“I aggravated (the owner) about it,” Van Brocklin said, “and 21 years later I bought it back for $15,000. Actually I bought his whole collection. He’d lost a lot of it in an earthquake and he wrote me and said he didn’t want to sell just the Genuine Whiskey Bottle; he had 62 bottles to sell. When he told me the price, my jaw almost hit the floor. It was astonishing. But I tallied it all the way up and it added up. It was actually a good deal on the bottles for what they were worth.
“So then I had to figure out how to pay for it. But it turned out I had a lot of bottles here sort of on the sidelines that I could sell. I had no idea how much money I had in glass.”
Another case of bottle envy concerned the Blue Pig, a one-of-a-kind creation that held whiskey bottled by Duffy’s Crescent Saloon. Only a handful of these particular pig-shaped bottles exist in any color, but this brilliant cobalt color was unique, and Van Brocklin was highly skeptical it was genuine.
After months of inquiring to a man in Indiana, he finally came face-to-face with the Blue Pig, which the potential seller had encased in bubble wrap in a cooler.
“You could see the color so intensely,” Van Brocklin said. “I was going ‘Oh, man.’ I really didn’t believe it until I saw it.”
And, of course, he bought it. The neck and opening of the bottle are on the pig’s rear end, meaning people drank from the pig’s butt.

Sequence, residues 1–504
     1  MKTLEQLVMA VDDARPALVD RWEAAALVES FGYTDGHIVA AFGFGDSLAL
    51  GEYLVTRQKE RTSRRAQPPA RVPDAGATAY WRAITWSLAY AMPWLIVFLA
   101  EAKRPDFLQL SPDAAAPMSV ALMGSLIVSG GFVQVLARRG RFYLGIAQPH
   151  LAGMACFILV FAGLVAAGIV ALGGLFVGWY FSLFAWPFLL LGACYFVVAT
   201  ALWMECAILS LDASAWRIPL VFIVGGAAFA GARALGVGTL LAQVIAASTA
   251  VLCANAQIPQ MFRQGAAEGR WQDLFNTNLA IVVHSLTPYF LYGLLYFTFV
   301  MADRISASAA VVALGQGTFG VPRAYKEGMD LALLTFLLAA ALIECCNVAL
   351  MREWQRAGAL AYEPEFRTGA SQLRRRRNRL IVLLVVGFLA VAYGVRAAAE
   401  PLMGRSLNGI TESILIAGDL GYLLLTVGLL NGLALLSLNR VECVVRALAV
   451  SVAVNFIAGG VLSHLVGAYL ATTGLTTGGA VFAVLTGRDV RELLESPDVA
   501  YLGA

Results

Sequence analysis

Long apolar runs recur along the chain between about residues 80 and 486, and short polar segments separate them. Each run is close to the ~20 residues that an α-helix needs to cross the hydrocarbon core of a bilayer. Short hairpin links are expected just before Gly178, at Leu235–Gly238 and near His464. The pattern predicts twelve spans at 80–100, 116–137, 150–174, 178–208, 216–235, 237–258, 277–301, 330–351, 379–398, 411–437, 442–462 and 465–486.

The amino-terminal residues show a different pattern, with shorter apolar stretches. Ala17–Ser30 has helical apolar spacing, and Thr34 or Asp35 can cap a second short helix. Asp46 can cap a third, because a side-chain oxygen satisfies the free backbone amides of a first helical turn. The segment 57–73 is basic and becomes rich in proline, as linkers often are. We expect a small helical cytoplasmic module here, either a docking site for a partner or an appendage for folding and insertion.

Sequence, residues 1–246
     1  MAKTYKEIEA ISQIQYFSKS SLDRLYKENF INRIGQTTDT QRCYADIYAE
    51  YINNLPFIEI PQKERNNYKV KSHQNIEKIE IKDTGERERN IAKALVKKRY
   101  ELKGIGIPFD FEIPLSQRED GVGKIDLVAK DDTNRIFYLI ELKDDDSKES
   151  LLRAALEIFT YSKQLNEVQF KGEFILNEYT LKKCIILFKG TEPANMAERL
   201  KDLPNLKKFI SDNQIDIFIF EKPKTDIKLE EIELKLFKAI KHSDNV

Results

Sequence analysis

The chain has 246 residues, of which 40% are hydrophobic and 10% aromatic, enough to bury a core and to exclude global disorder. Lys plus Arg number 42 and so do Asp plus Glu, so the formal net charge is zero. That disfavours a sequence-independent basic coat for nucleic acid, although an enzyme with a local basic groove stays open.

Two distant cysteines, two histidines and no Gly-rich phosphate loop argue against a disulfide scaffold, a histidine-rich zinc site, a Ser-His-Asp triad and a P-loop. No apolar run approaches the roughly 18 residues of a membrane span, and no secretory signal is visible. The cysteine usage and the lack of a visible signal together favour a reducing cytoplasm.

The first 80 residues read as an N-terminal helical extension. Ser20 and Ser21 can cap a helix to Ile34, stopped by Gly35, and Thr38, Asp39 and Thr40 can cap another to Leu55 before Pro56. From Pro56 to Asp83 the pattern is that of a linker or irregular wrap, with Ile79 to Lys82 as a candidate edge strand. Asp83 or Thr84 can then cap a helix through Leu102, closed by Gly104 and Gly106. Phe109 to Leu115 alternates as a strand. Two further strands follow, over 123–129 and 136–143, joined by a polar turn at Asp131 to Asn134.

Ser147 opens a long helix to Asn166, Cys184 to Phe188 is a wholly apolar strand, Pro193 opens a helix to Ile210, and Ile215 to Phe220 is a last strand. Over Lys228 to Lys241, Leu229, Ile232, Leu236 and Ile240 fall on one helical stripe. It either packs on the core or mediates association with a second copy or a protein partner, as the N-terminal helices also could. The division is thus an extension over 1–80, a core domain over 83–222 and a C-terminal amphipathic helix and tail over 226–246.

“It’s absolutely one of the best bottles I’ve ever owned,” Van Brocklin said.
His research has taught him some of the stories behind the bottles — of saloons and distilleries long since defunct, in areas that went boom and then bust. Some items are from the Tri-Cities region, although most are from the Old West.
His collection display is practical but employs some technology. Some of his prized colored bottles are kept on shelves with backing light; the many clear whiskey flasks, which comprise the bulk of his collection, are two deep on wooden shelves. All valuable bottles are secured to the shelves by two small drops of an unusual gel normally used when splicing underwater cable. The bottle is pressed onto the drops and sticks firmly enough to stay in place, but not so firmly that it can’t be removed.
It all looks great. The one catch — dusting it.
“There’s no secret to that,” Van Brocklin said. “The secret is it doesn’t get done very often.” But no one except Van Brocklin handles the bottles. Over 33 years, handling tens of thousands of bottles, he has broken only three, he said. “Even if I asked them to dust them, my staff would refuse to do it.”
The next great purchase may still be out there for Van Brocklin. He knows the market as well as anyone. In fact, the really serious collectors are a special group that usually works together rather than against each other.
“Most of us are pretty good about saying to someone, ‘If you ever wanted to sell this, I’d like to buy it.’ But there are a few people who will hound you to death,” he said. “Of all the hobbies, this is a good group. I don’t think you could find a better, more honest group. We kind of look out for each other.”